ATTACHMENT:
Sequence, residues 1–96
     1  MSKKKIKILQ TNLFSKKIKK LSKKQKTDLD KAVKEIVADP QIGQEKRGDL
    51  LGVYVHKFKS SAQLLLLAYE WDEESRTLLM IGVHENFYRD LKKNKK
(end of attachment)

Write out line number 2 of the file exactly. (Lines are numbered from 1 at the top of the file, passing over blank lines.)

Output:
     1  MSKKKIKILQ TNLFSKKIKK LSKKQKTDLD KAVKEIVADP QIGQEKRGDL